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Rev. Earle Francis Dies At 92

earle-francis-copyright-lisawells-bahamian-projectRev. Earle Francis, a long-time leader in the Baptist community, died at Princess Margaret Hospital on Wednesday night, his family confirmed.

Francis was 92.

Prime Minister Perry Christie said Francis led a long and extraordinary life of service to the Baptist faith and the Bahamian people.

“He was an outspoken and courageous preacher and one of our nation’s most respected spiritual leaders,” said Christie, in a statement.

“By his personal example, he inspired successive generations of his compatriots to hold dear the virtues of family life.

“Of particularly poignant note in this regard, he was the personification of what it meant to be a devoted husband.

“His public professions of love for his wife whom he affectionately called ‘Sweet Potato’ are the stuff of enduring legend.

“Long before it became fashionable for Bahamian men to do so, he was openly expressive of his love for his wife and children who, in their own right, continue to make major contributions to our nation in areas as diverse as religion, health care and culture.”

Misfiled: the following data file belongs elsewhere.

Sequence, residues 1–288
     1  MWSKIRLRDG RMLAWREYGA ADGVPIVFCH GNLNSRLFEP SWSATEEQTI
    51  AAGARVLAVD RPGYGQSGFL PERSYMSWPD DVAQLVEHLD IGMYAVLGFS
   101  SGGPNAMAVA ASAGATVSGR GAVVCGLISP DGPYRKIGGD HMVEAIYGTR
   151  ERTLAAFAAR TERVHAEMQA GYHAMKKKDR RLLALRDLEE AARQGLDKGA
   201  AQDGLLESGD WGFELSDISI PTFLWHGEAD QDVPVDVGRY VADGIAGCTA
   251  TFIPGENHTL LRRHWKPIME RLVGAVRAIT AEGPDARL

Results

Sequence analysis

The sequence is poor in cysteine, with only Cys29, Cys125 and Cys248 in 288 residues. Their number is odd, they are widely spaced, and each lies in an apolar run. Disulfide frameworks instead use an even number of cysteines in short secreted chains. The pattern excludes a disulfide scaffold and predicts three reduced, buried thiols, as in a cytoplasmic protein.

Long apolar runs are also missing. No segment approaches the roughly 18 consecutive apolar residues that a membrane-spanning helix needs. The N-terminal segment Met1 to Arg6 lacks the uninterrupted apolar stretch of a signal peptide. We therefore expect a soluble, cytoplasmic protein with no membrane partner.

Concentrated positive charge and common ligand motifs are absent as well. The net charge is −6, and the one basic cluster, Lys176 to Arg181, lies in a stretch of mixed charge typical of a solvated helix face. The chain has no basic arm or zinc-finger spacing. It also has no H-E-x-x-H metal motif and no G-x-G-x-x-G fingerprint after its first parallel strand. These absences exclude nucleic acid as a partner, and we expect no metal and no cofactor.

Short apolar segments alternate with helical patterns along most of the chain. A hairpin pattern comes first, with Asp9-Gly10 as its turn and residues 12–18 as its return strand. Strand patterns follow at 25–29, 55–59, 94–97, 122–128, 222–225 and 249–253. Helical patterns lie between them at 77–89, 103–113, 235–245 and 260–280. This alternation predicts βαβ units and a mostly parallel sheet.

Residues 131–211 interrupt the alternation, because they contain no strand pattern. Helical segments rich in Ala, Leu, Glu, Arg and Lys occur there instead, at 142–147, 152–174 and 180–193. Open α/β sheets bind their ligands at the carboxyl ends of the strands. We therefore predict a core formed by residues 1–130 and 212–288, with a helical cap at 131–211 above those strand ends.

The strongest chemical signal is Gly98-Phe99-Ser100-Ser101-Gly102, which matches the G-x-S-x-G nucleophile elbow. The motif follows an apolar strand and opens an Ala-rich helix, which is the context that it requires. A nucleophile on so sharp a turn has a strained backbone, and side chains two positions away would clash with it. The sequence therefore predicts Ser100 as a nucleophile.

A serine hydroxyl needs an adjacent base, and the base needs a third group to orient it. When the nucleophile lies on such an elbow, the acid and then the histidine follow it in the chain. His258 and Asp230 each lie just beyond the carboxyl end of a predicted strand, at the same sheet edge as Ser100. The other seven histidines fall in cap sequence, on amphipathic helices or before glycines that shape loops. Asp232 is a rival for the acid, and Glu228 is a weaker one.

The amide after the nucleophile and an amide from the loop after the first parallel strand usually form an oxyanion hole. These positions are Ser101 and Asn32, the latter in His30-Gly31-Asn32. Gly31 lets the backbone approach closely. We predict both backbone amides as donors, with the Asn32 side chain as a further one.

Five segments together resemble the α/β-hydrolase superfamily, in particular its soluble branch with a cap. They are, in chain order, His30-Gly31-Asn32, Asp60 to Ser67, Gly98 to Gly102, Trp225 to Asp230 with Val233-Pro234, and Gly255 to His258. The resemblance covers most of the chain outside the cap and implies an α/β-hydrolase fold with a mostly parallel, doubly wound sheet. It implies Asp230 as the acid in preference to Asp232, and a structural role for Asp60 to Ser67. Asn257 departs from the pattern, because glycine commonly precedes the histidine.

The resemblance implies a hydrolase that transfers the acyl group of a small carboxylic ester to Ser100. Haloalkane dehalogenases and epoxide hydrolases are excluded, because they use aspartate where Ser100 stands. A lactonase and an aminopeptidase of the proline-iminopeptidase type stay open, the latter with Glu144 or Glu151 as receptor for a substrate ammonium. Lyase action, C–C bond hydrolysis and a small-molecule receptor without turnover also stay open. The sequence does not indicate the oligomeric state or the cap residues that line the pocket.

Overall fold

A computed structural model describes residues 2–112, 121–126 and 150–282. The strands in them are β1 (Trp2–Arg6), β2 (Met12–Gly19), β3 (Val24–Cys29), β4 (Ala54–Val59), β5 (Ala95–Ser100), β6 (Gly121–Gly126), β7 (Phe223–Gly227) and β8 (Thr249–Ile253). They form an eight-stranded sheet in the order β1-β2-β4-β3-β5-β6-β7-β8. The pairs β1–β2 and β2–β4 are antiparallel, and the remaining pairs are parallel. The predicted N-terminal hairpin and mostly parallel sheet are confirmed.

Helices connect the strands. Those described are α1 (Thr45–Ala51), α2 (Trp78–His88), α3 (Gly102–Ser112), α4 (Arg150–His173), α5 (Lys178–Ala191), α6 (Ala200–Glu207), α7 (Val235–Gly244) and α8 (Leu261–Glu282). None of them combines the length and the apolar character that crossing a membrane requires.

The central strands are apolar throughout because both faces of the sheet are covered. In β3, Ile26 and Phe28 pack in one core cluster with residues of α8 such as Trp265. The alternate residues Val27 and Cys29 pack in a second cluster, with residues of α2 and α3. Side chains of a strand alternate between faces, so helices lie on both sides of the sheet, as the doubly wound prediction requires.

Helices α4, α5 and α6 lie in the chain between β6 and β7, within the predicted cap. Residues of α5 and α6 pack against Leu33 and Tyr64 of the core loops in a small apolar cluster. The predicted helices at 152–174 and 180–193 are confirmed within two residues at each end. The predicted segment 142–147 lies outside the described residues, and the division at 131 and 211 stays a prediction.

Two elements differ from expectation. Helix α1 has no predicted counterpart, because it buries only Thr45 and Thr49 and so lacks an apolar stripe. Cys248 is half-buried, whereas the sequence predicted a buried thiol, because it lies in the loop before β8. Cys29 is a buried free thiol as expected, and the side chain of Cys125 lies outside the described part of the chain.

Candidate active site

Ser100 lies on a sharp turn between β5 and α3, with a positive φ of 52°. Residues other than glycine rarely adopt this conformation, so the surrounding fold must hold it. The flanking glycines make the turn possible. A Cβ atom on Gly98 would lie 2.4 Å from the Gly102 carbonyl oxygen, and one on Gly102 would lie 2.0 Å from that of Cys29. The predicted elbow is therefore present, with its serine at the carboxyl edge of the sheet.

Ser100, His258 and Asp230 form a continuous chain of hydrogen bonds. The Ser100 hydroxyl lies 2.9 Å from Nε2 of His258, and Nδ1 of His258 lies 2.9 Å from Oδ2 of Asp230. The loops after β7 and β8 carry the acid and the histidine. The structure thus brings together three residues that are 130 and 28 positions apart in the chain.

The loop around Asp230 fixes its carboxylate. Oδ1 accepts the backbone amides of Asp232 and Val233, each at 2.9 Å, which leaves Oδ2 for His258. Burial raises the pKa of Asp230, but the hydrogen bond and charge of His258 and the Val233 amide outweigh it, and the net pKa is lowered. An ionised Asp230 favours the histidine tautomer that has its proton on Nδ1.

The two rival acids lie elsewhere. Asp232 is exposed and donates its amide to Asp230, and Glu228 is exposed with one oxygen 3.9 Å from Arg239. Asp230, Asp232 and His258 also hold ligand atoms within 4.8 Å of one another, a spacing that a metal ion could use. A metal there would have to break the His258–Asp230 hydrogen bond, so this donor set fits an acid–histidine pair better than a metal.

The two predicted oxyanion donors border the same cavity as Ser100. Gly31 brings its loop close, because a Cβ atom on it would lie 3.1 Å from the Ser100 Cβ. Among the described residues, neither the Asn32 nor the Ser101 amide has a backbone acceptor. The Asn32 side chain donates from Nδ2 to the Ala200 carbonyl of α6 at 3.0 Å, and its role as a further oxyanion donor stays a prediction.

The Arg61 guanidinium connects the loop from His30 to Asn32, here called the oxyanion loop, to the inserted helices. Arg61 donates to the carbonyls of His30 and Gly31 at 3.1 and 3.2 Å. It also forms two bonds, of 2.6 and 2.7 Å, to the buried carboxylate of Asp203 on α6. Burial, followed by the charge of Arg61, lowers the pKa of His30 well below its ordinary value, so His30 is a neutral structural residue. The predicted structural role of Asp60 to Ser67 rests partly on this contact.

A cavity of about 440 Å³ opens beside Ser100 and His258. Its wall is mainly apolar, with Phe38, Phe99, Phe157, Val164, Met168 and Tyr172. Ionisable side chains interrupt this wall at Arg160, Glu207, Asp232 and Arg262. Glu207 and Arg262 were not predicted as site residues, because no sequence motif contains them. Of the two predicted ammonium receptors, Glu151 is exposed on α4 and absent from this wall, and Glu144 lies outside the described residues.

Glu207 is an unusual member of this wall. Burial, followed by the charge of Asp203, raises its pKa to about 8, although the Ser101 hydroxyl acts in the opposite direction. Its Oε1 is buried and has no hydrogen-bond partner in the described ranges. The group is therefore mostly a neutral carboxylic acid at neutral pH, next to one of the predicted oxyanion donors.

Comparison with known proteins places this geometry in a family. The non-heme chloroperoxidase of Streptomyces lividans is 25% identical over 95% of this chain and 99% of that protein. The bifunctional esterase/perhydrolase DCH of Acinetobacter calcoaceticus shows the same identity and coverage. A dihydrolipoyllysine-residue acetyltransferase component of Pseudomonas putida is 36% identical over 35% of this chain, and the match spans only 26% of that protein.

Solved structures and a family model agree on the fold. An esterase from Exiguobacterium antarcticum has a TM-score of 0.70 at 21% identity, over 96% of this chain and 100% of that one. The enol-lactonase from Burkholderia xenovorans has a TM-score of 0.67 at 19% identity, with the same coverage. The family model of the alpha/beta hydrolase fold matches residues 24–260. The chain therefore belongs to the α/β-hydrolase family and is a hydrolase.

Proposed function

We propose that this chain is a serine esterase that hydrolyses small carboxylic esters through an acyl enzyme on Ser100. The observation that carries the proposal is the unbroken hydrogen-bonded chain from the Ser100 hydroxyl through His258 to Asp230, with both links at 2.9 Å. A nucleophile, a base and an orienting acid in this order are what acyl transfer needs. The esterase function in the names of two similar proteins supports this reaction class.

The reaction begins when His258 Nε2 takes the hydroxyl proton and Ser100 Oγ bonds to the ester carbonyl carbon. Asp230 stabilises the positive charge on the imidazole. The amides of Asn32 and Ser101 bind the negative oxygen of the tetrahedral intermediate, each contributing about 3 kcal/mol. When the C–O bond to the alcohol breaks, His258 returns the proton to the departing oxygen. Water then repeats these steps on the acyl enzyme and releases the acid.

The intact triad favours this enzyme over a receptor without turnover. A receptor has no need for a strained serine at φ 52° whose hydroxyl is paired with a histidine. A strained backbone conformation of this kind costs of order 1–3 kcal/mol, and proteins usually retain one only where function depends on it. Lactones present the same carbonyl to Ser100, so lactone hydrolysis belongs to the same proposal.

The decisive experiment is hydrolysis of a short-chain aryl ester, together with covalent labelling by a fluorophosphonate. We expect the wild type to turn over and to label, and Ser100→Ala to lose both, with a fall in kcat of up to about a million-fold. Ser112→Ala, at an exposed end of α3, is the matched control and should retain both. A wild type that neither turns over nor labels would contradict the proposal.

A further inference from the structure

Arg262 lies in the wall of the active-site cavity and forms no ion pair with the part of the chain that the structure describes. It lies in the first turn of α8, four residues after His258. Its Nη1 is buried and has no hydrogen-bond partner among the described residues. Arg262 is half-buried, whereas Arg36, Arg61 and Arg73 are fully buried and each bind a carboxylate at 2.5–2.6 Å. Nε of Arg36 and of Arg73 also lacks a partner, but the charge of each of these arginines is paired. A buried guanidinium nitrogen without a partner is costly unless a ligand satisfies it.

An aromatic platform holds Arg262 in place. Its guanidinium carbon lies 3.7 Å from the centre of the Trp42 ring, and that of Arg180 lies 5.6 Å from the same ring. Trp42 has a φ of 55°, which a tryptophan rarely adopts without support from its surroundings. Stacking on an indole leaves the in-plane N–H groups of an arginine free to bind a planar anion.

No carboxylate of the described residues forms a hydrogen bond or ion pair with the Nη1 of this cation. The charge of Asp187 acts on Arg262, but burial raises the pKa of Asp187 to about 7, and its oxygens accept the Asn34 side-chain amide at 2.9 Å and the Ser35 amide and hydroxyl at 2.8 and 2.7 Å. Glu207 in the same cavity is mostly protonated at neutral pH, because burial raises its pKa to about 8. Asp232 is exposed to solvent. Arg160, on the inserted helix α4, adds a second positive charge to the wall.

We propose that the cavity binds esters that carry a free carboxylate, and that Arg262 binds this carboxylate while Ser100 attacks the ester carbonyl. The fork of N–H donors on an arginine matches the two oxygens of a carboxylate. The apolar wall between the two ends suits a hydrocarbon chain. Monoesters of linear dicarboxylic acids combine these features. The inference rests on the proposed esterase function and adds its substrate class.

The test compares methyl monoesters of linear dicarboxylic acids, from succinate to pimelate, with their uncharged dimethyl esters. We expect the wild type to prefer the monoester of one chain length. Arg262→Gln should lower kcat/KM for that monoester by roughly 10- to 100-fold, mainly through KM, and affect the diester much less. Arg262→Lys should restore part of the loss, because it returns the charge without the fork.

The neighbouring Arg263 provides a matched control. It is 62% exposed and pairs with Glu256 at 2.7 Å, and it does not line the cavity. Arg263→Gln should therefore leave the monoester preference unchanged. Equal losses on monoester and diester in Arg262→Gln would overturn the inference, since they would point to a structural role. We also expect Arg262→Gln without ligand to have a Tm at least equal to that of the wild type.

Christie said Francis was also a noted freedom fighter in the era of struggle for Majority Rule.

“As the brother of the Rev. Carlton Francis, one of the major political and trade union figures of his time, Rev. Earle himself played a vital role in the great historic movement for change,” the prime minister added.

“The same fiery passion of social justice and freedom that motivated him in that period would stay with him in the ensuing years, indeed to the very end of his life.”

Opposition Leader Dr. Hubert Minnis also released a statement on Francis’ passing.

Noting that Francis led First Baptist Church on a spiritual journey for 50 years, Minnis said he positively impacted the lives of hundreds of Bahamians throughout the country and people throughout the Caribbean and the world.

“A World War II veteran, in The Bahamas British Legion, Rev. Francis was the first black to serve in the Royal Air Force Military Band,” he said.

“He was also the first black member in the Bahamas Hotel Association. An astute entrepreneur, Rev. Francis is credited to have established the Francis Hotel that was located in the popular Over-the-Hill area of Grants Town.”

He noted that Francis was also the longest serving chaplain of the Senate.

“Rev. Francis was a loving husband, dedicated father and a highly respected man of God,” Minnis added.

Francis’ son, Percy ‘Vola’ Francis, leader of the Shell Saxons Superstars, said yesterday the family is grateful for the support it has received since his father’s passing.

“It’s incredible the outpouring of condolences from all over,” Francis said. “We are a large family. Dad has touched so many lives.  It’s just phenomenal.”

Rev. Francis is survived by his widow, Marjorie, 11 children and many other relatives.

The Nassau Guardian

NOTE: Reverend Earle Francis was photographed for the Bahamian Project. (photo above copyright The Bahamian Project)

Posted in Religion

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